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Who is Senator Clifford Case?
Senator Case's portrait from the Ruth Case Papers
Please read through these documents and identify passages you can use to respond to these short discussion questions. You need to prepare talking points for our discussion of "Who is Clifford Case?"
  1. What did Senator Case accomplish throughout his life?
  2. What is Senator Case's legacy?
  3. How do other legislators who served concurrently with Senator Case perceive his record in light of their common experiences in the Congress?
  4. How does Senator Case's record represent bipartisanship?
  5. How does Senator Case match up with the qualities list that the class generated at the beginning of the lesson?
Links to Documents
  • Brief Biography of Senator Clifford P. Case II: Loyal Son, Scholar. View now or open the PDF version (0.1MB)
  • Remarks in the Congressional Record upon the death of Senator Case View now or open the PDF version (6.1MB)

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*The Congressional Record is the official record of the proceedings and debates of the United States Congress. It is published daily when Congress is in session. The Congressional Record began publication in 1873, and is still published today"(U.S. Government Printing Office)". Items that one can find in the Congressional Record would be full text speeches given on the floor of the legislative houses, remarks of legislators on legislation, policy and current events affecting the government of the United States or its people. It is a useful tool to understand what the Congress has done at any one particular time and to see what the Congress is doing currently. Your instructor will explain to you which parts of this document you will need to examine for this activity.
  • New York Times Obituary of Senator Clifford P. Case II.
    This resource is available through databases like Historical New York Times.
Activity I – Who is Senator Clifford Case?
  1. Do Now Activity: At the beginning of the class session provide students with the question "What makes a good legislator?" Students should take 5 minutes to jot down their own responses and then prepare to share with the class.
  2. Have students share their responses with the class while you record their responses. Ideally they will be recorded in a location where all students can see the unique list being developed by the class.
  3. Provide students with/direct students to the following documents:
    • "Brief Biography of Senator Clifford P. Case II: Loyal Son, Scholar, Statesman";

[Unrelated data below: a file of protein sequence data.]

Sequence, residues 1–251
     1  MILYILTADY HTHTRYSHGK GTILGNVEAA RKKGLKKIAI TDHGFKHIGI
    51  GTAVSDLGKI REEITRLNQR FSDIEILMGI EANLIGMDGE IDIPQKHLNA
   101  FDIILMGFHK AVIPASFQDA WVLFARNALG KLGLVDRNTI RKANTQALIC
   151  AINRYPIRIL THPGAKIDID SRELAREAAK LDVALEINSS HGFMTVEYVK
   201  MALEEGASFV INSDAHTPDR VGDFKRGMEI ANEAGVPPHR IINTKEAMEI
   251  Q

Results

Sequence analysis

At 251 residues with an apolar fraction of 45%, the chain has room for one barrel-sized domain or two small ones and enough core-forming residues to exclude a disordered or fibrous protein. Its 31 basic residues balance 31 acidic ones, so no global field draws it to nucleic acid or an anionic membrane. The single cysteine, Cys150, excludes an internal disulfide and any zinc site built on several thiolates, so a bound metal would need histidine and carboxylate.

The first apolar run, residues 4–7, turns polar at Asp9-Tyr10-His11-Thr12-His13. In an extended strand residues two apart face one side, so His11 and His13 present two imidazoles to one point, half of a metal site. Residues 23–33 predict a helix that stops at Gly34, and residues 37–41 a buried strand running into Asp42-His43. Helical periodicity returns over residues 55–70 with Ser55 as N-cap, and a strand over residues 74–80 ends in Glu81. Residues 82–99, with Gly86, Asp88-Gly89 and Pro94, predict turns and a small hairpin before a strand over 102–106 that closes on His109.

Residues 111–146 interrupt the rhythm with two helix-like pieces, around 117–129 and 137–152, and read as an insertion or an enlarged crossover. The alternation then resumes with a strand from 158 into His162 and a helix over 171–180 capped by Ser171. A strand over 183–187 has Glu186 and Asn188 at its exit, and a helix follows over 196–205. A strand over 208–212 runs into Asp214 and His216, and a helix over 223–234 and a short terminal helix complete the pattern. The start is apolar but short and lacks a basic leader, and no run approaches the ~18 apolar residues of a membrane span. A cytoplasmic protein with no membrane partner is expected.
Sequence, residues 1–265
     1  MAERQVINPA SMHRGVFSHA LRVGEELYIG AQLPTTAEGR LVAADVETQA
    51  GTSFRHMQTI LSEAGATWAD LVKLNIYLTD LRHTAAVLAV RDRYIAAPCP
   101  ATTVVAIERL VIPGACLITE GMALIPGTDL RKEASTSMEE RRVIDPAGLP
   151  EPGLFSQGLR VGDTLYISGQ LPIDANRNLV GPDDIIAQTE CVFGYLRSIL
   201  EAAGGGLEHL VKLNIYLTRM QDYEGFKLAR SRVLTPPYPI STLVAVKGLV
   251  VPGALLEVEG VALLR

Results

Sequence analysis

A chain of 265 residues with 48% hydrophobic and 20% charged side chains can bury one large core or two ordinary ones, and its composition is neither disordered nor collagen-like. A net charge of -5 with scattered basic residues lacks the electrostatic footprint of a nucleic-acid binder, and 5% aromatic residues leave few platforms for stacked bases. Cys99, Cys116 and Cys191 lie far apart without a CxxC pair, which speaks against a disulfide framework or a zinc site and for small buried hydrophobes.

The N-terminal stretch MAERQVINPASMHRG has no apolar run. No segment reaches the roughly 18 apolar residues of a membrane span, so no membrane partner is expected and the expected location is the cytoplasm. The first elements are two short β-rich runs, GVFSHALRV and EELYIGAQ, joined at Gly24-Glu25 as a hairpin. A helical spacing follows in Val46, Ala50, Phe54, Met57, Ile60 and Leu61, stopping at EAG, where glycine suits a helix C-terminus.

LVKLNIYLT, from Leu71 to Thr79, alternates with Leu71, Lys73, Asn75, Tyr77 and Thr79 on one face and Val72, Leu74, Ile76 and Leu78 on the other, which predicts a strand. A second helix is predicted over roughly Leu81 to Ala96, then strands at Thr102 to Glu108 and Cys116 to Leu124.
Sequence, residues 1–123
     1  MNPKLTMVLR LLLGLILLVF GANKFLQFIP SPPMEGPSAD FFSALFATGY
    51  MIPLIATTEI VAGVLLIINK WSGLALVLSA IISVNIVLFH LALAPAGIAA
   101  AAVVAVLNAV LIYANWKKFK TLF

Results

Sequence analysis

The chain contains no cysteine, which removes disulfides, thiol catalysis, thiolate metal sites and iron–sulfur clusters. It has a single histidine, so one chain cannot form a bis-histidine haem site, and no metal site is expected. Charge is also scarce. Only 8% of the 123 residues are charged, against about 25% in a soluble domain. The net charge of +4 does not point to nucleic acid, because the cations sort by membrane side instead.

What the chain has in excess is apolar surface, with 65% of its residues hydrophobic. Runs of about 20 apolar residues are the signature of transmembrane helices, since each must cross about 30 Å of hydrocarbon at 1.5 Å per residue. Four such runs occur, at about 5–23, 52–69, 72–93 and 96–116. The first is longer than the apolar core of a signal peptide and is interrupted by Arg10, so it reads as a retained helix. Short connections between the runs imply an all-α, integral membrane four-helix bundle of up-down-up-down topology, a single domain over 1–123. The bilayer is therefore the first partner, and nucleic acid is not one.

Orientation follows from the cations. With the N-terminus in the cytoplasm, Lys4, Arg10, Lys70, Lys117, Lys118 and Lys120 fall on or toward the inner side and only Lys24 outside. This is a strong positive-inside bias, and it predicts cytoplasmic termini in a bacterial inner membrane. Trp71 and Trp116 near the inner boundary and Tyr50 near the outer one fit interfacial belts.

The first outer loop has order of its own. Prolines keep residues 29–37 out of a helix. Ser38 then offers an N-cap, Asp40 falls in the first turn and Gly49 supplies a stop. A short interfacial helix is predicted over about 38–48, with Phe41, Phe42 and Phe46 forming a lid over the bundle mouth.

• Remarks in the Congressional Record upon the death of Senator Case;
      • Most likely students have not heard about the Congressional Record nor do they know its purpose. This description appears on the Electronic New Jersey website. If students do not have electronic access you will need to supply them with this description:
        "The Congressional Record is the official record of the proceedings and debates of the United States Congress. It is published daily when Congress is in session. The Congressional Record began publication in 1873, and is still published today"(U.S. Government Printing Office)". Items that one can find in the Congressional Record would be full text speeches given on the floor of the legislative houses, remarks of legislators on legislation, policy and current events affecting the government of the United States or its people. It is a useful tool to understand what the Congress has done at any one particular time and to see what the Congress is doing currently.
      • All students should read the remarks from Representative Peter Rodino as they are comprehensive and insightful.
      • Other legislators' remarks are useful but instructors may use discretion on which ones to assign or how to assign them (i.e. skim through the entire document, assigning specific remarks to small investigation groups, etc.)
    • New York Times obituary of Senator Case.
  4. Students are to read through these documents and collect data such that they can respond to these short discussion questions. You may wish to have them identify main ideas or give them specific reading-for-purpose cues to guide and direct their reading. You may also wish to develop a graphic organizer for the students when they work with these documents. Be sure that the students know that they will be discussing the biography and should be prepared to share their observations with the class.
    • What did Senator Case accomplish over his life?
    • What is Senator Case's legacy?
    • How do other legislators who served concurrently with Senator Case perceive his record in light of their common experiences in the Congress?
    • How does Senator Case match up with the qualities list that the class generated at the beginning of the lesson?
  5. Extension ideas for this activity include having students examine their own legislators or prominent national legislators in light of their list and/or their learnings about Senator Case. Do they feel that these representatives are effective or ineffective? Why? Are these legislators held in high esteem by their contemporaries and colleagues?
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